Why on earth would a vacation tour stop at a maximum-security prison? I suspect that the state of Louisiana encouraged Road Scholar to include a visit to Angola to burnish the state’s reputation. It worked.
I do not believe that we were shown all aspects of the Louisiana State Penitentiary. Looking online, I saw reports and images that were more like what one would expect. Still, what we did see was encouraging, giving me a little more hope for our species.
The prison sprawls over 18,000 acres, housing some 5,000 male prisoners, most of whom are serving life sentences with no possibility of parole. At one time the prison had the reputation of being a bloody and dangerous place – the worst in the country.
Now, not so much. The prisoners work: on the rich farmland and in cottage industries. They have their own television station, broadcasting throughout the complex. They have places of worship for most religions. They even have service clubs. And an annual rodeo. They have created a sort of alternate universe where they can have almost normal lives while incarcerated.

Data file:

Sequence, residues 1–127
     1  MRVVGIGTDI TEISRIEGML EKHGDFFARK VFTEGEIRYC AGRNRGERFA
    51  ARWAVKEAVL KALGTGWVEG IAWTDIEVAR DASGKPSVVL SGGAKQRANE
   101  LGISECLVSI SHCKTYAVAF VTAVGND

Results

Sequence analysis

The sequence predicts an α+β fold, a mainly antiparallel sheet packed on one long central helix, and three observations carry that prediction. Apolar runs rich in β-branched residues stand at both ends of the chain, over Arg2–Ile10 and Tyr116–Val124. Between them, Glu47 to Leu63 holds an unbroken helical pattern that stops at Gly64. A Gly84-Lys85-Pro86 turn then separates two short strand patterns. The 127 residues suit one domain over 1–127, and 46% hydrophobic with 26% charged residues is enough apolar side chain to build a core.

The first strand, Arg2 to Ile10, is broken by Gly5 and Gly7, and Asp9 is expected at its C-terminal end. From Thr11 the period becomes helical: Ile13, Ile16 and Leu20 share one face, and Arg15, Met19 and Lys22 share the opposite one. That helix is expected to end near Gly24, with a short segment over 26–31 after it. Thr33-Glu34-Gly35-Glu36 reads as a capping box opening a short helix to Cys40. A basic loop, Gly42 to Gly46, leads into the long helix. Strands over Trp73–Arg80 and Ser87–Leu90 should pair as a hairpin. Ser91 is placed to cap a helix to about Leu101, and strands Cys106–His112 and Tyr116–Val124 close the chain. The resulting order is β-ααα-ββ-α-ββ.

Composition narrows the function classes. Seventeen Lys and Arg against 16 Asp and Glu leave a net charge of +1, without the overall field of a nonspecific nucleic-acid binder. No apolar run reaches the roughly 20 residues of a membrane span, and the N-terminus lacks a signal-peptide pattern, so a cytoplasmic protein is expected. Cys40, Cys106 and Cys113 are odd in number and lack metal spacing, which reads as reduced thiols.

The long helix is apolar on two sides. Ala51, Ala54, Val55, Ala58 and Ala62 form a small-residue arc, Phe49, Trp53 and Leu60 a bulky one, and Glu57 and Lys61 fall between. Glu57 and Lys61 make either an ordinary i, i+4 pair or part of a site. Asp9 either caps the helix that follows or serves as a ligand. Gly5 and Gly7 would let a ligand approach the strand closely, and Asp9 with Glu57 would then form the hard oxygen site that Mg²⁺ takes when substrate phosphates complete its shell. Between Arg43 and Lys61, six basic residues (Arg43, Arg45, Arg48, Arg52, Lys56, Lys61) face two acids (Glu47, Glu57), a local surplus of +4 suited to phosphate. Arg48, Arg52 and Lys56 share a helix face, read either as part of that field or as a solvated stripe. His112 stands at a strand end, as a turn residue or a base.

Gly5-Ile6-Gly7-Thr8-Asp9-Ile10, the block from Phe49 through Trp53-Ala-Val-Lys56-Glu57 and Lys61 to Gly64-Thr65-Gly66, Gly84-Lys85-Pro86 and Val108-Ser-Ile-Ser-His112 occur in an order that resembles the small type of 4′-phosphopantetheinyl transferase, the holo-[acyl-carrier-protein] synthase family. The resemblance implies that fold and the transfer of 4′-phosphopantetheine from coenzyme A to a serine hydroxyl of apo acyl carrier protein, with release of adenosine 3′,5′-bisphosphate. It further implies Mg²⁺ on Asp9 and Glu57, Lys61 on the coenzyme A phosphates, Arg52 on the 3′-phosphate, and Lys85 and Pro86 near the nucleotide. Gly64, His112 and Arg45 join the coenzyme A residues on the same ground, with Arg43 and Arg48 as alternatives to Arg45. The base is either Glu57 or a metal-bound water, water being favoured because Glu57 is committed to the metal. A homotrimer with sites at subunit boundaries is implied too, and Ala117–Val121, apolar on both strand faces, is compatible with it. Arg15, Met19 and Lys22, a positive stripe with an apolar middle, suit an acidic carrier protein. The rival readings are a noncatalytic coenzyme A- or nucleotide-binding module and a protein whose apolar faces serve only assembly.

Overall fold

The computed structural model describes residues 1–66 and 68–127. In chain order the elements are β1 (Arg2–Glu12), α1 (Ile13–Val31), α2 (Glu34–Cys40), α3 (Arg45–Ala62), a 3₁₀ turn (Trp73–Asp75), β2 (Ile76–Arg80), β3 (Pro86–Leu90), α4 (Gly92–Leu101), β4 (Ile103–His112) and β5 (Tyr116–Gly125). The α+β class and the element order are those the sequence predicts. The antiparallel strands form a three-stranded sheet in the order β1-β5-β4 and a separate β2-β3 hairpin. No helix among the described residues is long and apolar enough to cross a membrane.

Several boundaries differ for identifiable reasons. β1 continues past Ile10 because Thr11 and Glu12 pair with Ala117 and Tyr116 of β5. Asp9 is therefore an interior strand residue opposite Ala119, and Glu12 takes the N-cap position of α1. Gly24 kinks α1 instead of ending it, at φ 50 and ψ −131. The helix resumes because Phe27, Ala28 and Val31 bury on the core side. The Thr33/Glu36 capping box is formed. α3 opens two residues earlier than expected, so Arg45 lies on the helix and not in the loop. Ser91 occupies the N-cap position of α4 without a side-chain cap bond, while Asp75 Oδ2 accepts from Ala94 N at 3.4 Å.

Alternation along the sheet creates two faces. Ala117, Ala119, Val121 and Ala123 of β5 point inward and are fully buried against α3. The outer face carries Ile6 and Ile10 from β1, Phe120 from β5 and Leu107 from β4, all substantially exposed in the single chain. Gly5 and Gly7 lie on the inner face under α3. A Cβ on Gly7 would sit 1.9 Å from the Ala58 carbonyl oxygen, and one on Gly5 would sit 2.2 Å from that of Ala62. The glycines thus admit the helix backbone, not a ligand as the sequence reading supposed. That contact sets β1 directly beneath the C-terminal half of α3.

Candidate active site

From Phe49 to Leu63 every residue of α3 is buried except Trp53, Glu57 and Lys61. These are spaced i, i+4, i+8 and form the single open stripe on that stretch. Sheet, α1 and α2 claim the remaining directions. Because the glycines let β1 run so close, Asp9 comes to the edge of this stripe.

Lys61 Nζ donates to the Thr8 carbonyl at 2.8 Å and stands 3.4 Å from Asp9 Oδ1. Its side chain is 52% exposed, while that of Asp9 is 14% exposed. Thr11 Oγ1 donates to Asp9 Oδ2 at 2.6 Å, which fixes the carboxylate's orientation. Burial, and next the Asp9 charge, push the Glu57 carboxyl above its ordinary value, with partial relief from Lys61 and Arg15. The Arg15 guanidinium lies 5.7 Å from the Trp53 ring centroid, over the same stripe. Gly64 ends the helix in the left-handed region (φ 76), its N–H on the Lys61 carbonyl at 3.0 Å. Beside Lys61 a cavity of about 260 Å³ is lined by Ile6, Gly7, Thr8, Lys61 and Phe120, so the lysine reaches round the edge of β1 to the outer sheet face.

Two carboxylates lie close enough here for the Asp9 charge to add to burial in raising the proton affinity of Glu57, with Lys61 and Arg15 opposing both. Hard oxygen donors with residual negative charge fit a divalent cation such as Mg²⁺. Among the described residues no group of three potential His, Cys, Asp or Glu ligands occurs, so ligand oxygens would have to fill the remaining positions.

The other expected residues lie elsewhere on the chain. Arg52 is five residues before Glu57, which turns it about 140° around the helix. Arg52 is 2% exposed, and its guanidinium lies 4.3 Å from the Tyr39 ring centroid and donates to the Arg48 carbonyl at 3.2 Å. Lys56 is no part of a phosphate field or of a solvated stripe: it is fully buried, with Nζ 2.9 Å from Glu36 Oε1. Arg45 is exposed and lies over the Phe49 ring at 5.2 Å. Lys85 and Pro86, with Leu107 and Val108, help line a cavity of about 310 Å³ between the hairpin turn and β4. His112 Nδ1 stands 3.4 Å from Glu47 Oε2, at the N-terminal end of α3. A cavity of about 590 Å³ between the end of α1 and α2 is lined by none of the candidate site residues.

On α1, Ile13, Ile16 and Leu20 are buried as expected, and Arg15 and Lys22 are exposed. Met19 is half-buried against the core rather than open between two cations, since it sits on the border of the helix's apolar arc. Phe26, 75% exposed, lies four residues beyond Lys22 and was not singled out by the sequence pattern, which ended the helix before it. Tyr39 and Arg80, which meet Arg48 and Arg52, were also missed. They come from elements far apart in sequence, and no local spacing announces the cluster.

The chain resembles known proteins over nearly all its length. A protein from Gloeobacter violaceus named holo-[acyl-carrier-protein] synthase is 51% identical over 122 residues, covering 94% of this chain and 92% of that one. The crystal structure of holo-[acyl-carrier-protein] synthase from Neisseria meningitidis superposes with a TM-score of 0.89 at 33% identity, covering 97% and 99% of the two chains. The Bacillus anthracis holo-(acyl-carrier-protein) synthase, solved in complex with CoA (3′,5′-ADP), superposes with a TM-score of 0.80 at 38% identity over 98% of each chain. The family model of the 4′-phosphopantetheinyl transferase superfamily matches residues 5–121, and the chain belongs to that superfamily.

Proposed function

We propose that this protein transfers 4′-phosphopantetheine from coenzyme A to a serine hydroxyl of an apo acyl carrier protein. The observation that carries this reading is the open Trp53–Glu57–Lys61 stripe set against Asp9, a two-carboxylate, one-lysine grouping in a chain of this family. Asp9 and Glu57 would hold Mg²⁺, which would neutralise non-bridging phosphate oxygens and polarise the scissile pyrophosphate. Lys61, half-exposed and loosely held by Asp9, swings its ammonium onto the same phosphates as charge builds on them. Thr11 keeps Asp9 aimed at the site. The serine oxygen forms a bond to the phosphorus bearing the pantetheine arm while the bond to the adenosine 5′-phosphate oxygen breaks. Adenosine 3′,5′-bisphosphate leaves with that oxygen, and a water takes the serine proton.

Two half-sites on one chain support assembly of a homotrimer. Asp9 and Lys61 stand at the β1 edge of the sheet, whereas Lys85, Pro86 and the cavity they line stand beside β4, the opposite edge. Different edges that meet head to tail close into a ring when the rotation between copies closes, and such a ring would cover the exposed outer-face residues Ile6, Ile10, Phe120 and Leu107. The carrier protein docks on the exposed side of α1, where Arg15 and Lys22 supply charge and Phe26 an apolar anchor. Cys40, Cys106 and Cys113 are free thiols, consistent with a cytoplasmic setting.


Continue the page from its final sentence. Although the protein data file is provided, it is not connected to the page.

Our tour had come up the Mississippi from New Orleans on a paddlewheel boat. We disembarked and boarded a bus that took us into the vast prison complex. Our first stop was at the stables where we ‘met’ some horses. We drove through fields brimming with produce then we stopped in front of what looked like a chapel.
Entering, sitting in the pews, we saw two men, each holding the leash for a dog. It turned out that the men, both prisoners, were training the dogs to be service dogs for veterans. Dogs are rescued from shelters and the offenders work with them over the course of a year until they are ready to help veterans restore their physical and emotional independence.